SHEIK - Pumpkin & Lotus Dumplings with Black Rice
In Ultimate, Sheik sports a new design based on the Sheikah Stealth Set from Breath of the Wild - so this was a great opportunity to make another recipe inspired by this game! To get some ideas, I looked to the ingredients associated with the Sheikah tribe in Breath of the Wild: one particular Sheikah favorite is the Fortified Pumpkin, grown by farmer Olkin of Kakariko Village. This provided a great starting point for the recipe: I knew I wanted it to focus on kabocha squash, also known as Japanese pumpkin!
The Sheikah are very ninja-like, so I also pulled some inspiration from the history of real-life ninjas and their diets! One common military ration eaten by shinobi was hyorogan, a type of dumpling made of glutinous rice - it typically contained yam, lotus, and carrots, flavored with cinnamon and ginseng. Many of these ingredients are appropriate to Zelda lore, as both carrots and lotus are common in the Necluda region, where the Sheikah make their home! All of these factors came together to inspire me to make dumplings filled with a spiced pumpkin, carrot, yam, and lotus root filling. Dumplings are a perfect portable food that a stealthy Sheikah warrior such as Sheik could eat while laying low.
These dumplings are completely vegan, which further fits the ninja lifestyle: shinobi likely consumed a simple, light diet to keep their bodies limber and stealthy, and they usually avoided red meat or overly rich foods. Allegedly, ninjas also consumed dark-colored foods, due to a principle of ancient eastern medicine which states that eating black food keeps the body active. So, I decided to serve these dumplings with a side of black rice - which also happens to be known as "forbidden rice", befitting the stealthy and mysterious nature of the Sheikah tribe!
Buckwheat flour was another common ninja ingredient - it was a main component of suikatsugan, a type of "pill" that was said to quickly quench a warrior's thirst - so I decided to make the dumpling wrappers out of buckwheat flour. The buckwheat flour also makes for a pleasing grey-black color that further reflects the shadowy nature of the Sheikah tribe and their shinobi origins!
These dumplings are great either steamed or pan-fried. If you have a steamer, try cooking them that way - if not, just fry them in shallow oil, potsticker style!
2 cups all-purpose flour
1 cup buckwheat flour
1 tsp salt
1 cup warm water
1 kabocha squash, peeled and diced
1 yam, peeled and diced
1 carrot, peeled and diced
4 scallions, thinly sliced
1 small lotus root, peeled and finely chopped
1 cup shredded cabbage
2 tbsp finely minced ginger
2 tbsp soy sauce
1 tbsp brown sugar
2 tsp rice wine vinegar
½ tsp cinnamon
2 tbsp butter
1 cup black rice
2 cups chicken broth (or vegetable broth if you want it vegetarian)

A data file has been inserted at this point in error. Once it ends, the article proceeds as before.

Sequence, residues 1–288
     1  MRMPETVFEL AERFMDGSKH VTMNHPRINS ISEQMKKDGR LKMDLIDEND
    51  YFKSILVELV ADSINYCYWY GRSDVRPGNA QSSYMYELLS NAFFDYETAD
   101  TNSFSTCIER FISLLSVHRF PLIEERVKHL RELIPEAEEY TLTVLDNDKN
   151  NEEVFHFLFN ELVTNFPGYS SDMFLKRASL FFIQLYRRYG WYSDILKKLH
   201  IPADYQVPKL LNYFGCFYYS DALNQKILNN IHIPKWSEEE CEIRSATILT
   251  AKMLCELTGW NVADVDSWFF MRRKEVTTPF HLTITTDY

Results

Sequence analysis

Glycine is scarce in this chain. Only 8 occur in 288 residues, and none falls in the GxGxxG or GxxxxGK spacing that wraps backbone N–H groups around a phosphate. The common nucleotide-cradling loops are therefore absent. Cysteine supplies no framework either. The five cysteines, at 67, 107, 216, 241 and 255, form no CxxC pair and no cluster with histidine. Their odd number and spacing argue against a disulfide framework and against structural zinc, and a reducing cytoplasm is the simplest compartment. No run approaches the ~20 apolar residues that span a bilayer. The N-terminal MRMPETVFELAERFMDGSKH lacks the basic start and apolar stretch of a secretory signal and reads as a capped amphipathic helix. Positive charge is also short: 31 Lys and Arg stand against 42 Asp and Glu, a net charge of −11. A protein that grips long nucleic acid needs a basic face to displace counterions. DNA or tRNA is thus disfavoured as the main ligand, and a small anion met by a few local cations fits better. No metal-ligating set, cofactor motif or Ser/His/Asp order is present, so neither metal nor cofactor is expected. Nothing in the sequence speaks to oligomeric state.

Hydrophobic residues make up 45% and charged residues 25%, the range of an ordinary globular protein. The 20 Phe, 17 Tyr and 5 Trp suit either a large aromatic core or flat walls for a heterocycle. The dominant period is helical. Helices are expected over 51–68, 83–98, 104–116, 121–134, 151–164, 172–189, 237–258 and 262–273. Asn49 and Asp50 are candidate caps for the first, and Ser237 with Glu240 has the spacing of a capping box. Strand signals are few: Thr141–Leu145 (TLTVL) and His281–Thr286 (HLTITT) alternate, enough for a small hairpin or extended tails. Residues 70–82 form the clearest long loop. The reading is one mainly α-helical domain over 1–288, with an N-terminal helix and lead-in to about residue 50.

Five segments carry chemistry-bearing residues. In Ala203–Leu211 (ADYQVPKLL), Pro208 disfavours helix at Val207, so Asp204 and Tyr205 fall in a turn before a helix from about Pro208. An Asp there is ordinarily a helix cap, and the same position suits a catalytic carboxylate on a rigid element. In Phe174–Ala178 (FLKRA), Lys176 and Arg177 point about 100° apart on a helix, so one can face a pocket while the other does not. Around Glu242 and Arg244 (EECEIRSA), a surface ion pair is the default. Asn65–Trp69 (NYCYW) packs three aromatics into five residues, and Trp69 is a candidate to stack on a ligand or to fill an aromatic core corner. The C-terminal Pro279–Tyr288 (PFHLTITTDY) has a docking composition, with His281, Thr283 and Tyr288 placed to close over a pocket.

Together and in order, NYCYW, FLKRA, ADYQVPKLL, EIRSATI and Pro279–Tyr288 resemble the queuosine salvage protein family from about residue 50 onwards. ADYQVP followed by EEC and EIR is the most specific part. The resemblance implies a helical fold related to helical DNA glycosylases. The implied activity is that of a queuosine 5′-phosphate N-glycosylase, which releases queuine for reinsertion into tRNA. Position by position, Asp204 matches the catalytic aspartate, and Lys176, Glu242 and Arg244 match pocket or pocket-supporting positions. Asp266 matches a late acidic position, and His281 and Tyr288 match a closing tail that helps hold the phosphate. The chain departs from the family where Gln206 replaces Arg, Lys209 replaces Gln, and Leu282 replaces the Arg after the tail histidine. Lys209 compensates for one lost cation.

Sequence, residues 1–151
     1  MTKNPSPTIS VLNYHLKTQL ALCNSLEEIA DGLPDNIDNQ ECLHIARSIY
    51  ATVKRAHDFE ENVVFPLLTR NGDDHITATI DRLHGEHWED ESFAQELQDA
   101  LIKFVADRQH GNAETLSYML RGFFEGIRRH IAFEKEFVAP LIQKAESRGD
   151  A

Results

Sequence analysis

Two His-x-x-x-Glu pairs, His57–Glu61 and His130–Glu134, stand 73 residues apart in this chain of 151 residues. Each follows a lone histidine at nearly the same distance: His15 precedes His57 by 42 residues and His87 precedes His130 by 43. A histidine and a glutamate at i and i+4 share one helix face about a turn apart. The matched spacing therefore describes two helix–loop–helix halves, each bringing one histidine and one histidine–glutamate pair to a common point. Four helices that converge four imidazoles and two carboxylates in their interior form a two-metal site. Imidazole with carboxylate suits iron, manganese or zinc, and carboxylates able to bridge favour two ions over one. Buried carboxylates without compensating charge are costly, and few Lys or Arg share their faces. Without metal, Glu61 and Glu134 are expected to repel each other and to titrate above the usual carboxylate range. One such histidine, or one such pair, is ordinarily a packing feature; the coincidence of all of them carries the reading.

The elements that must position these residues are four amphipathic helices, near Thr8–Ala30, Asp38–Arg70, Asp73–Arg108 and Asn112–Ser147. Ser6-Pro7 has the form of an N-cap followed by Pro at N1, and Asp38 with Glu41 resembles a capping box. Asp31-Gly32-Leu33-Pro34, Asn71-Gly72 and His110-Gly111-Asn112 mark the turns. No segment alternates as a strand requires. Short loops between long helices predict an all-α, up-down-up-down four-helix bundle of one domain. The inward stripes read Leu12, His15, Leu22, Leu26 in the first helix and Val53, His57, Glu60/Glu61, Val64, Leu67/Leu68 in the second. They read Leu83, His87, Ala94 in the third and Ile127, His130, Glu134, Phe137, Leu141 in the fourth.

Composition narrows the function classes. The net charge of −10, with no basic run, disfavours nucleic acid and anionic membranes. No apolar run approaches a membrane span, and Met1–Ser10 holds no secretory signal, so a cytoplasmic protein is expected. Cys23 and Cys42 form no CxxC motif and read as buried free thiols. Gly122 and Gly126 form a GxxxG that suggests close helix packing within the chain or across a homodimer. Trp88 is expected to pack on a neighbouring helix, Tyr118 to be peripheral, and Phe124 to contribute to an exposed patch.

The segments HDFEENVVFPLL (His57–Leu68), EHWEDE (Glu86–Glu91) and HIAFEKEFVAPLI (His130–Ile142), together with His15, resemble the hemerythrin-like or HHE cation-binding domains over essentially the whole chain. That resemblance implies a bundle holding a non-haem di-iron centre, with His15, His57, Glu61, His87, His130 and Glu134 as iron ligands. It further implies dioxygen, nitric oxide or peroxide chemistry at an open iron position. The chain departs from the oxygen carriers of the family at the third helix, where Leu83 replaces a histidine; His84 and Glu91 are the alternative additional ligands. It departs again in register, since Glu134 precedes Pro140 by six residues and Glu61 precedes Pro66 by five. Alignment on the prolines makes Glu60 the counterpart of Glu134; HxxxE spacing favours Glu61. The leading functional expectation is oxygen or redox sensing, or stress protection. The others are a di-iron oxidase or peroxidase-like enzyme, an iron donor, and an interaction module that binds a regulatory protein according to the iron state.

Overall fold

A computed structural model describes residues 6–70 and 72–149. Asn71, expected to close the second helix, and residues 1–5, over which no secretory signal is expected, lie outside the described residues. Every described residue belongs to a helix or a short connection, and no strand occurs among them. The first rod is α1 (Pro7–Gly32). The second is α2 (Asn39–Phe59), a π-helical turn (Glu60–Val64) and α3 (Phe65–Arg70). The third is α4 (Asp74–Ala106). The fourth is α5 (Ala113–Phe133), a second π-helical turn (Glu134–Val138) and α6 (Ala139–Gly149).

Preheat oven to 350°.
Place the cubes of squash, yam, and carrot on a tray. Toss in a little bit of neutral oil, and cook in preheated oven until softened, at least 30 minutes. Meanwhile, prepare the dumpling wrappers:
For dumpling wrappers:
Combine flours, salt, and warm water in a medium sized bowl. Mix until a loose ball of dough is formed.
Move to a lightly floured surface and begin kneading until the ball becomes smooth, about 2-3 minutes. Add more flour or water if the dough is to wet or dry respectively.
Create the wrappers one by one: take a small tablespoon-sized chunk of dough and roll into a ball. Flatten the ball into a disc. Using a rolling pin, roll this disc out into an approximately 3-inch circle, as thin as you can (ideally 1-2 millimeters thick).
Dust each wrapper with flour and stack on a plate as you roll each one out. Set aside.
For dumpling filling:
Heat 2 tablespoons of neutral oil in a medium frying pan. Cook shredded cabbage over medium heat until soft and translucent.
Add the white part of the scallions, minced ginger, and chopped lotus root in with the cabbage. Cook for about 5 more minutes, taking care not to burn the ginger.
Add squash, yam, and carrot cubes to a medium bowl and mash with a fork (its okay if there are some small chunks). Add cabbage, lotus, onion, and ginger, as well as soy sauce, brown sugar, vinegar, and cinnamon. Mix until well incorporated.
Scoop a tablespoonful of filling into a dumpling wrapper. Fold the wrapper in half, pinching it together where the edges meet at the top to enclose the filling inside.
Crimp the edge into a nice pattern using your preferred method or style of pleat. They don't need to look perfect, just make sure they're sealed!
Steam dumplings in a bamboo steamer for 8-10 minutes. Or, fry in shallow oil until nicely browned.
For black rice:
Melt butter in a medium saucepan. Stir in black rice and cook until lightly toasted, about 5 to 10 minutes. Add broth and bring to a boil.
Once a boiling, reduce heat to low. Cover and simmer until the rice is tender and the liquid is absorbed, about 30 minutes.
Serve dumplings with black rice, garnished with the green part of the scallions and sesame seeds. Serve with soy sauce and sesame oil for dipping.